This week I’m taking a look back at some of my enjoyable reads from the past … both from my reading past and the literal past. Historical Fiction is my genre of choice this week.
I’ve always been the kind of guy who looks back at the past and just wants to learn more about it. I’m hungry for pre-WW1 history in the way that most kids are hungry for sweets, video-games and annoying their parents.
There are only four on this list, limited so that the entire list would not have been made up of the Sharpe series by Bernard Cornwell.
My previous posts in this series can be found here:
On Stranger Tides by Tim Powers:
On Stranger Tides follows the exploits of John Chandagnac, who travels to the new world after the death of his puppeteer father to confront his uncle, who has apparently made off with the family fortune. During the voyage, he befriends Beth Hurwood and her father, Benjamin Hurwood, an Oxford professor. Before they arrive at their destination, their ship is waylaid by Blackbeard and his band of pirates. With the help of the professor and his assistant, the captain is killed and Chandagnac is pressed into piracy and sorcery as Blackbeard searches for the Fountain of Youth. Chandagnac, newly dubbed Jack Shandy, must stop the evil plot and save Beth Hurwood.
My format: Audio book
I remember back when I first picked this up I was mostly reading the Sharpe series and wanted something a little different to the Napoleonic Wars. When I stumbled across this I thought ‘can you get much different to the Napoleonic wars than the Golden Age of Piracy? I think not!’ I really enjoyed this one as it presented a new look at real characters from history and, for me, anything on the ocean is something I’m likely to enjoy. Especially if it has Blackbeard and other pirates gracing the pages.
Treason’s Tide by Robert Wilton:
July 1805: Napoleon’s army masses across the Channel – Britain is within hours of invasion and defeat. Only one thing stands in the way – an obscure government bureau of murky origins and shadowy purpose: The Comptrollerate General for Scrutiny and Survey. And, rescued from a shipwreck, his past erased, Tom Roscarrock is their newest agent.In England, the man who recruited Roscarrock has disappeared, his agents are turning up dead, and reports of a secret French fleet are panicking the authorities. In France, a plan is underway to shatter the last of England’s stability. Behind the clash of fleets and armies, there lies a secret world of intrigue, deception, treachery and violence – and Roscarrock is about to be thrown into it headfirst.
My format: Audio book
Already enjoying the Napoleonic era as I was with the Sharpe novels, when I stumbled across a book set in the same era but that was far more cloak and dagger than the brash forwardness of Richard Sharpe, I took a chance on it. It was surprisingly enjoyable and was one of those that I went into with no expectations and ended up really enjoying. I’ll have to hunt down Wilton’s stuff in the future and have a look if anything else tickles my fancy.
Rebel by Bernard Cornwell:
The first book in Bernard Cornwell’s best-selling series on the American Civil War.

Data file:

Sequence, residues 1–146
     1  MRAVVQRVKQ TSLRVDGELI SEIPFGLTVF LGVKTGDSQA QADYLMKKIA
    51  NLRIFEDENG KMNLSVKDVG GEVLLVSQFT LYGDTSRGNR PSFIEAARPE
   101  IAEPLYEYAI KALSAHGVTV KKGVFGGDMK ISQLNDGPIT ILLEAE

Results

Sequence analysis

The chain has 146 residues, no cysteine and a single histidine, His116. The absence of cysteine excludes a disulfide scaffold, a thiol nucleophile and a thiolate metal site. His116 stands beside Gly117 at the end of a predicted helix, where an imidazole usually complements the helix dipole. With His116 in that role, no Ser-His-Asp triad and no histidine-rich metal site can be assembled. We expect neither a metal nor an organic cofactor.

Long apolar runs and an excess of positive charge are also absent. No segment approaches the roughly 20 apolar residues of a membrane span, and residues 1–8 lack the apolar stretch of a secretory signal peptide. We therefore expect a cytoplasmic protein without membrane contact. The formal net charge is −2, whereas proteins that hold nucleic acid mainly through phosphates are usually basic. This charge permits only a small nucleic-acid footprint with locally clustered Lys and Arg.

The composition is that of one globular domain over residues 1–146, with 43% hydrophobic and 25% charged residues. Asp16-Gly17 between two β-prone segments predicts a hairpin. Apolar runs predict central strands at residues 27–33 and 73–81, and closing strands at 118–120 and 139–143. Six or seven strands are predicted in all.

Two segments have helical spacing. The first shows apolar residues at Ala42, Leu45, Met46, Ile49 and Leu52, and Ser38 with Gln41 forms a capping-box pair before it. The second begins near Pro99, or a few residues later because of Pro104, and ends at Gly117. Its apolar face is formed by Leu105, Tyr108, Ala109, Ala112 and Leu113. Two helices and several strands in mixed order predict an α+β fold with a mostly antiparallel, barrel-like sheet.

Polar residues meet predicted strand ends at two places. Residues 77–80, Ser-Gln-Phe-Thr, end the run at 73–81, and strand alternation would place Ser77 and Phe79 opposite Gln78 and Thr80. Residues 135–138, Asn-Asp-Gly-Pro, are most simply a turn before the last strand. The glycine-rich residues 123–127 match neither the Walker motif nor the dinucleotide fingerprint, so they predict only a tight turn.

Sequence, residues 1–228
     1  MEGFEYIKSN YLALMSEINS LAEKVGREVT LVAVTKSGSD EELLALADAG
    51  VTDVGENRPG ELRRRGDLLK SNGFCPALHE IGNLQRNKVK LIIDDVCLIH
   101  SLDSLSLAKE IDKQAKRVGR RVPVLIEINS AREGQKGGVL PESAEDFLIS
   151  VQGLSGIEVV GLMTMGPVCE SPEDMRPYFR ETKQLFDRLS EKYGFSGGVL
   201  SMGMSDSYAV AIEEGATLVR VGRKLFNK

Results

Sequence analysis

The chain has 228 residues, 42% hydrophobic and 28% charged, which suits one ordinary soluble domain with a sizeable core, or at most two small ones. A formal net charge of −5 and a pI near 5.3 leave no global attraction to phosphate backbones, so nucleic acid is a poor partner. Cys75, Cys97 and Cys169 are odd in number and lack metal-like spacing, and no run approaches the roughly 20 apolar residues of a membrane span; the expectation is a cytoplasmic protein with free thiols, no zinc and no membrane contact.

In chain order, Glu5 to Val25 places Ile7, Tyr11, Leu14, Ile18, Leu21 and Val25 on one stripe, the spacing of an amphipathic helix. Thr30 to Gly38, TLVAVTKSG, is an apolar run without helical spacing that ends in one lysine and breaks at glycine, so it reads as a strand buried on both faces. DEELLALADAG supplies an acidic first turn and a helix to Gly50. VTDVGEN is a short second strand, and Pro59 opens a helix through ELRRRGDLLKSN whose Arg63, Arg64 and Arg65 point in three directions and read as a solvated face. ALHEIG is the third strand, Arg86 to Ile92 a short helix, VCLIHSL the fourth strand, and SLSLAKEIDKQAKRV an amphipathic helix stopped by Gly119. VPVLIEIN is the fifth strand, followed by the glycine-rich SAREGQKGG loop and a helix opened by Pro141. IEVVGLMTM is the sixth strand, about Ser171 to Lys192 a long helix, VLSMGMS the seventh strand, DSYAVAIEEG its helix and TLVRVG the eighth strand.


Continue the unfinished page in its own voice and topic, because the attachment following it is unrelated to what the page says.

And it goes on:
It is summer 1861. The armies of North and South stand on the brink of America’s civil war. Nathanial Starbuck, jilted by his girl and estranged from his family, arrives in the capital of the Confederate South, where he enlists in an elite regiment being raised by rich, eccentric Washington Faulconer.
Pledged to the Faulconer Legion, Starbuck becomes a northern boy fighting for the southern cause. But nothing can prepare him for the shocking violence to follow in the war which broke America in two.
My format: Audio book
I’d already seen what a powerhouse Cornwell was when it came to the Napoleonic era with his Sharpe series and I had heard nothing but praise for his viking books. So, when I saw he had something set in the American Civil War, a time period I had never really read anything from, I jumped at the chance of trying it out. I remember enjoying this book immensely, downloading the next two and then drifting away from historical fiction on Audio books and going back my Sharpe novels. So I’ll have to re-listen at some point and carry on with the series. Although I did hear he never finished the series as a whole … which is a tad off-putting. Maybe I’ll go back to it when he finally gets around to finishing.
Sharpe’s Trafalgar by Bernard Cornwell:
Richard Sharpe, travelling home aboard the ‘Revenant’, meets Admiral Nelson and his fleet, on what was a calm October day off Cape Trafalgar.
Soldier, hero, rogue – Sharpe is the man you always want on your side. Born in poverty, he joined the army to escape jail and climbed the ranks by sheer brutal courage. He knows no other family than the regiment of the 95th Rifles whose green jacket he proudly wears.
My format: Physical book
I absolutely love the description on the cover of this. Nothing could precede the devastation of the day more ironically than quoting the calmness of it. This is one of my most memorable, and one of my absolute favourites, from the Sharpe series. Another honourable mention would have been Sharpe’s Prey, set in Copenhagen.
I’m sure, what with the series mentioned in every other listing above, that it comes as no surprise that Sharpe makes an appearance on this list. As stated at the very top, I could have had a twenty-one book list revolving around the great war hero. The series, and the characters created (both good and bad) will always hold a special place in my heart that no other book will come close to. This book, in particular, combines my favourite character, Richard Sharpe, with my favourite setting, the ocean. So for me, it was a win win.